One of the most advanced airfract of its time, the Avro Arrow, built by A.V. Roe Canada/Avro Canada, was a delta-winged interceptor type aircraft built in the mid-1950s, and notoriously cancelled in 1959 before final production due to a variety of reasons. The ship has had an enduring legacy in Canadian history, and Doug Pengelly from ToroLUG has put together a series of several models of the plane, including some unconventional modifications of the LEGO bricks by Pengelly, who scorched several bricks in order to get his desired effect. Coupled with an airport built by Jason Martyn, the scene really comes to life and tells the story of Canada’s most legendary aircraft.
Though not an official national symbol. the Canada Goose holds a unique place in Canadian history and identity as one of our most ubiquitous animals – and of course, it doesn’t hurt that it has the name Canada in the name. Noel Straatsma of Barrie, Ontario has managed to put together a pretty pair of life-sized models (with a nice little flag for a background) that took over 20 hours for him to design and build.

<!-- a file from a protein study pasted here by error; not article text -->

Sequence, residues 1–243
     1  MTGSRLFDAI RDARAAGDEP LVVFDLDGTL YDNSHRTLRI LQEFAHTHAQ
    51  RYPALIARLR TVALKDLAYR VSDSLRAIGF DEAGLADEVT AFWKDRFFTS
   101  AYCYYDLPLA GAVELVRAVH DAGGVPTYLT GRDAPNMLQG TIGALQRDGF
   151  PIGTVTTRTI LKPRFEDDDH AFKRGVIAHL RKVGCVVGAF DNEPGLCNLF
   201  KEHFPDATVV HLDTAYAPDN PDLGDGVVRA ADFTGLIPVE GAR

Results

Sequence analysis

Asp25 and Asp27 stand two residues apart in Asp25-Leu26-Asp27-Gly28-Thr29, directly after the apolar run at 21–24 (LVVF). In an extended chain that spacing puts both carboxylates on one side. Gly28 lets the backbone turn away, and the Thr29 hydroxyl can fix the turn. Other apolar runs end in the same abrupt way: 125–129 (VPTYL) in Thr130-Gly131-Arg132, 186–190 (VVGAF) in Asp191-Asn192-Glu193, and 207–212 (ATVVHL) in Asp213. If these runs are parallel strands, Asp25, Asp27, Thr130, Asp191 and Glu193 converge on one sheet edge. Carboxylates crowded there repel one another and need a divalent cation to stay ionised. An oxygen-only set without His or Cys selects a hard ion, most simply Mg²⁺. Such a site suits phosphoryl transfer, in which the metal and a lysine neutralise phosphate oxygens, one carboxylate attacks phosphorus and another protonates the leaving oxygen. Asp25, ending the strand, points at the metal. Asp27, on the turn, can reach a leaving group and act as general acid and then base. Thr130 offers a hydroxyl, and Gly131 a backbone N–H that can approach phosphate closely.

ToroLUG‘s Jeff ‘dr_spock_888‘ Lee is back at it again, with a pair of nuclear themed builds. The CANDU reactors are a Canadian based nuclear power generation technology that has been implemented all around the world, providing nuclear power to South Korea, Romania, China, and Argentina, amongst other nations.
When building with LEGO, the builders bricks become the tools – so Toronto LEGO User Group member Jeff Lee is getting a little self-referential here in building a tool out of tools. But not just any tool – no, ask any handy Canadian, and they will tell you at length about the superior power of the Canadian invented Robertson screw head.
For centuries the Atlantic cod provided a way of life for Canadians. Jeff Lee of ToroLUG (dr_spock_888) has built a model of a small cod fishing trawler, which captures the essence of what sustained the people of Newfoundland, and much of Canada, for so much of its history. Even the water has a feel that calls out to Canada’s cool Atlantic coast.
Do not let the relatively modern exterior of the Pointe-à-Callière Museum in Montréal fool you – for inside is one of the greatest archaeological history museum’s in all of Canada. Not only renowned for it’s artifacts, the facade envelopes an interior of integrated historic buildings and landmarks. All of these elements combined is what drew Sébastien Bouthillette (Cbast, from Quebec’s QuéLUG) to bring this to life in LEGO bricks.